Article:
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Texas Bill Relating to Civil Liability and Criminal Penalties for Performing Certain Abortions (HB 4527)

This law was last updated on Aug 29, 2019


This law is Anti–Choice

State

Texas

Number

HB 4527

Status

Failed to Pass

Proposed

Mar 8, 2019

Sponsors

Primary Sponsors: 1
Total Sponsors: 1

Topics

Targeted Regulation of Abortion Providers

Full Bill Text

capitol.texas.gov

HB 4527 would create civil and criminal penalties for certain violations of state law regarding abortion.

A person who violates Section 170.002performs an abortion on a person who is pregnant with a viable fetus during the third trimester of the pregnancy—would be committing a felony of the second degree and would be liable for a civil penalty of $30,000 for each violation.

A person who violates Section 171.043fails to determine the post-fertilization age of the fetus prior to an abortion—would be committing a felony of the second degree and would be liable for a civil penalty of $30,000 for each violation.

A person who violates Section 171.044performs an abortion after 20 or more weeks post-fertilization—would be committing a felony of the second degree and would be liable for a civil penalty of $30,000 for each violation.

A person who violates Section 171.102—performs a partial-birth abortion—would be committing a felony of the second degree and would liable for a civil penalty of $30,000 for each violation.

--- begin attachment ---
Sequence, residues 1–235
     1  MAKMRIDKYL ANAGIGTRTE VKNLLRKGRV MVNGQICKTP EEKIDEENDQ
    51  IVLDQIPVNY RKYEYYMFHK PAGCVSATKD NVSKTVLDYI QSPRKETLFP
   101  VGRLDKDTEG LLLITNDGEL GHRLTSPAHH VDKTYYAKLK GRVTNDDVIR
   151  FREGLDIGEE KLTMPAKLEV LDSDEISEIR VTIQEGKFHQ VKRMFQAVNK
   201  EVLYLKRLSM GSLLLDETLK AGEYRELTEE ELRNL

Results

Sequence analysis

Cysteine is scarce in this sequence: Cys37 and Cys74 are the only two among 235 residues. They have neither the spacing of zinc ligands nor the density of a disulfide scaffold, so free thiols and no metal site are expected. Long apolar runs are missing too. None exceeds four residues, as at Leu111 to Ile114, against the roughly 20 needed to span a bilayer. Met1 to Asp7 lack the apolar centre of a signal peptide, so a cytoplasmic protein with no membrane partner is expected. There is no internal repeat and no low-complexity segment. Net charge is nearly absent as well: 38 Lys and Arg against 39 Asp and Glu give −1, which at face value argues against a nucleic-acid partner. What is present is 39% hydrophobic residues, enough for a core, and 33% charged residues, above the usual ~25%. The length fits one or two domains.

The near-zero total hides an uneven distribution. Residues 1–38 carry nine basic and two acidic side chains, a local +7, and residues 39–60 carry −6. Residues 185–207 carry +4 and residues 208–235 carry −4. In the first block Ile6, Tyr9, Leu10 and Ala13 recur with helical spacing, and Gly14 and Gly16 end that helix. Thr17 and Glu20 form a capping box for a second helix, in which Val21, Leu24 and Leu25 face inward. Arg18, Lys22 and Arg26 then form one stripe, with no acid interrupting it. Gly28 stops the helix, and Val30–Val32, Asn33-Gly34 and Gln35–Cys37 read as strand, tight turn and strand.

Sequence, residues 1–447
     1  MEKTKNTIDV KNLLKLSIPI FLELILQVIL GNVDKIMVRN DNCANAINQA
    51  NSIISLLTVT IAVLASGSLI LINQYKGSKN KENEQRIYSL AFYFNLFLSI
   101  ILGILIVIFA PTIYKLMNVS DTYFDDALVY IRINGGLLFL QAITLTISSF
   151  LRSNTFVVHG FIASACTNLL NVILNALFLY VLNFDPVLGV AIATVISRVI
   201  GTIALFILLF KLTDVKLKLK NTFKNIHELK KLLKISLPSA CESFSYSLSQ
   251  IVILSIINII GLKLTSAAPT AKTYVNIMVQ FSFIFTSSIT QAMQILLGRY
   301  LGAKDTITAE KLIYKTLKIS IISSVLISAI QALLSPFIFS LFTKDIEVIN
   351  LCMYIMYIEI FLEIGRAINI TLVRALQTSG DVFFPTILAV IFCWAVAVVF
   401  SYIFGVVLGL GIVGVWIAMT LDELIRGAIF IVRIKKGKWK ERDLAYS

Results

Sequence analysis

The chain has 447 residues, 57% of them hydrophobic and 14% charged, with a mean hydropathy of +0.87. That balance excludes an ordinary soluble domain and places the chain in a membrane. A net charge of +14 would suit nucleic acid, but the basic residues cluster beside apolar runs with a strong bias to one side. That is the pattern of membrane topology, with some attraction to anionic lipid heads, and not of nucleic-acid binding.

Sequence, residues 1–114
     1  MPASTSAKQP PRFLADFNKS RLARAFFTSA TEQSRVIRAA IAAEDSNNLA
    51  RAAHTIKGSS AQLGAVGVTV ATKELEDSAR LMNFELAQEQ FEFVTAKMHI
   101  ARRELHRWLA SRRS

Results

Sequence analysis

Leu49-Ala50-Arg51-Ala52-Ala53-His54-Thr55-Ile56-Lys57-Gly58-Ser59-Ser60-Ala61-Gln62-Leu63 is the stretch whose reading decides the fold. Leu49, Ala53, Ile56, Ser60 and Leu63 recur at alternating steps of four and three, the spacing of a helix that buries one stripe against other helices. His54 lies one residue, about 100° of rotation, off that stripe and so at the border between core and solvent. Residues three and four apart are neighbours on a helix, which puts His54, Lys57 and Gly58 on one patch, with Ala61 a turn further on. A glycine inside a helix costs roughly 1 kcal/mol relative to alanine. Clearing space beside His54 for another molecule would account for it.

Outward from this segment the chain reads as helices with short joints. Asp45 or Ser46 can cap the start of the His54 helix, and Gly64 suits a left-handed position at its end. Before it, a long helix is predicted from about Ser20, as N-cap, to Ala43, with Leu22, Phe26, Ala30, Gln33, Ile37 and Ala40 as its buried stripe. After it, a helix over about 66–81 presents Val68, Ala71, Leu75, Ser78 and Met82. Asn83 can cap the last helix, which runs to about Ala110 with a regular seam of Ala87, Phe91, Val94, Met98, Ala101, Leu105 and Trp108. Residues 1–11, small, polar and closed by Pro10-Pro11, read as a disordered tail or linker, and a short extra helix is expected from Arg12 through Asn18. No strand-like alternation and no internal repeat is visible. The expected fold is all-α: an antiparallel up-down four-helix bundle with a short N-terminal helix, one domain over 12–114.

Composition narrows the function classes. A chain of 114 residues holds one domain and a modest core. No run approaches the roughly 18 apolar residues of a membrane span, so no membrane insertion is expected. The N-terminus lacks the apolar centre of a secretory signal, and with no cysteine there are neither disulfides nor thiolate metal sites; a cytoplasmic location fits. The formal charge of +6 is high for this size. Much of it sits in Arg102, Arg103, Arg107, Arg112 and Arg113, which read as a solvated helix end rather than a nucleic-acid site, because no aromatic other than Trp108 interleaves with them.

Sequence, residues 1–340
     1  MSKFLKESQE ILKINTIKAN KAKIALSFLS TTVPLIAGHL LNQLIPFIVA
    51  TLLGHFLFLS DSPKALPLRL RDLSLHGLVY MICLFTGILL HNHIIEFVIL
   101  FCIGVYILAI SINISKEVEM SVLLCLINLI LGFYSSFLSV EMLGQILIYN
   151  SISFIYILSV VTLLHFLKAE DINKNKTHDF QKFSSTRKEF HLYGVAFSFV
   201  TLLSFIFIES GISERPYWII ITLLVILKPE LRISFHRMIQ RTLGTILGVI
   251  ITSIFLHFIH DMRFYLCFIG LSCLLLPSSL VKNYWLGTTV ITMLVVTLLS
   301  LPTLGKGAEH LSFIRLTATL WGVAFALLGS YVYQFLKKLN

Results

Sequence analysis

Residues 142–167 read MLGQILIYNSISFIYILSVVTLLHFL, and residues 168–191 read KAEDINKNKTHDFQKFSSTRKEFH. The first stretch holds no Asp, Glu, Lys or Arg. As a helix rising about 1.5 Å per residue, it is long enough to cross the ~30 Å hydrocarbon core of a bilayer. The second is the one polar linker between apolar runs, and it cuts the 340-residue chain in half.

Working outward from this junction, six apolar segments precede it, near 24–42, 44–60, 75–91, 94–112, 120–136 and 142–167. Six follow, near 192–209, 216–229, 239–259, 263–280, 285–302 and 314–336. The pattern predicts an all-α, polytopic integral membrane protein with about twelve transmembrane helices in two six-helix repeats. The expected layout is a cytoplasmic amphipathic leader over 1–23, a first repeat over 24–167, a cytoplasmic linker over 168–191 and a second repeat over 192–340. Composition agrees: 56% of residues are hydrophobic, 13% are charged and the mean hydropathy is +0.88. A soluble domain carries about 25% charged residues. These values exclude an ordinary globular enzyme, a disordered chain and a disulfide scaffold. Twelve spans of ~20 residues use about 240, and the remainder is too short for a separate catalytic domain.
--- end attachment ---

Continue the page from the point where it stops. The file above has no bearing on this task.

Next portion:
A person who violates Section 171.152—performs a “dismemberment abortion”—would be committing a felony of the second degree and would be liable for a civil penalty of $30,000 for each violation.

A felony of the second degree is punishable by imprisonment for any term between two and 20 years. The felony charges for each offense could be increased to a felony of the first degree if the person has previously been convicted of certain other offenses.

The bill provides that the state attorney general may sue to collect the penalty, and that they would need to file an action in a district court in Travis County or the county in which the violation occurred.

Civil Practice and Remedies

Current state law allows the surviving spouse, children, and parents of the deceased to bring the action for damages. The bill would allow a next friend to bring an action for damages arising from an injury that causes an individual’s death.


Related Legislation

Similar to HB 4526, which would only create civil penalties for the same offenses.


Latest Action

3/8/19 – Introduced.


People

Primary Sponsor